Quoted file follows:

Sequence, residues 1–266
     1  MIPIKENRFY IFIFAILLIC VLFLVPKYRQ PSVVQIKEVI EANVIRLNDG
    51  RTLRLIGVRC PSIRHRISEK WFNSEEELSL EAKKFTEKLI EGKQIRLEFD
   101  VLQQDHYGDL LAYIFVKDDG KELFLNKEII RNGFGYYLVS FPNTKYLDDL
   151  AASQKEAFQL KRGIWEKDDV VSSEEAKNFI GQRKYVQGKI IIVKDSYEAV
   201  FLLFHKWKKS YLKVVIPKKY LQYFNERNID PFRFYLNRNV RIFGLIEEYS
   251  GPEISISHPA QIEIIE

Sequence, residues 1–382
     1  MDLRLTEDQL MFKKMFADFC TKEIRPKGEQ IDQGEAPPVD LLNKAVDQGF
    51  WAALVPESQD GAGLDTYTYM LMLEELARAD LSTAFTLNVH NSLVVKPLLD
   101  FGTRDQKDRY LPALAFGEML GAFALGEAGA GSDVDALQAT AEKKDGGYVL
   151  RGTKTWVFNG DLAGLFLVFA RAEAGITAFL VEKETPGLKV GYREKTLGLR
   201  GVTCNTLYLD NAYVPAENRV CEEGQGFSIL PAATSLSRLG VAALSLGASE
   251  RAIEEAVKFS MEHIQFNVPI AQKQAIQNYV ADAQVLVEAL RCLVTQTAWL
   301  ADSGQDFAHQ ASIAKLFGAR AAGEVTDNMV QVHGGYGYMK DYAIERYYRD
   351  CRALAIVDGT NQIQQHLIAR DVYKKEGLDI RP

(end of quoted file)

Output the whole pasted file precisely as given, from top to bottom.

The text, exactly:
Sequence, residues 1–266
     1  MIPIKENRFY IFIFAILLIC VLFLVPKYRQ PSVVQIKEVI EANVIRLNDG
    51  RTLRLIGVRC PSIRHRISEK WFNSEEELSL EAKKFTEKLI EGKQIRLEFD
   101  VLQQDHYGDL LAYIFVKDDG KELFLNKEII RNGFGYYLVS FPNTKYLDDL
   151  AASQKEAFQL KRGIWEKDDV VSSEEAKNFI GQRKYVQGKI IIVKDSYEAV
   201  FLLFHKWKKS YLKVVIPKKY LQYFNERNID PFRFYLNRNV RIFGLIEEYS
   251  GPEISISHPA QIEIIE

Sequence, residues 1–382
     1  MDLRLTEDQL MFKKMFADFC TKEIRPKGEQ IDQGEAPPVD LLNKAVDQGF
    51  WAALVPESQD GAGLDTYTYM LMLEELARAD LSTAFTLNVH NSLVVKPLLD
   101  FGTRDQKDRY LPALAFGEML GAFALGEAGA GSDVDALQAT AEKKDGGYVL
   151  RGTKTWVFNG DLAGLFLVFA RAEAGITAFL VEKETPGLKV GYREKTLGLR
   201  GVTCNTLYLD NAYVPAENRV CEEGQGFSIL PAATSLSRLG VAALSLGASE
   251  RAIEEAVKFS MEHIQFNVPI AQKQAIQNYV ADAQVLVEAL RCLVTQTAWL
   301  ADSGQDFAHQ ASIAKLFGAR AAGEVTDNMV QVHGGYGYMK DYAIERYYRD
   351  CRALAIVDGT NQIQQHLIAR DVYKKEGLDI RP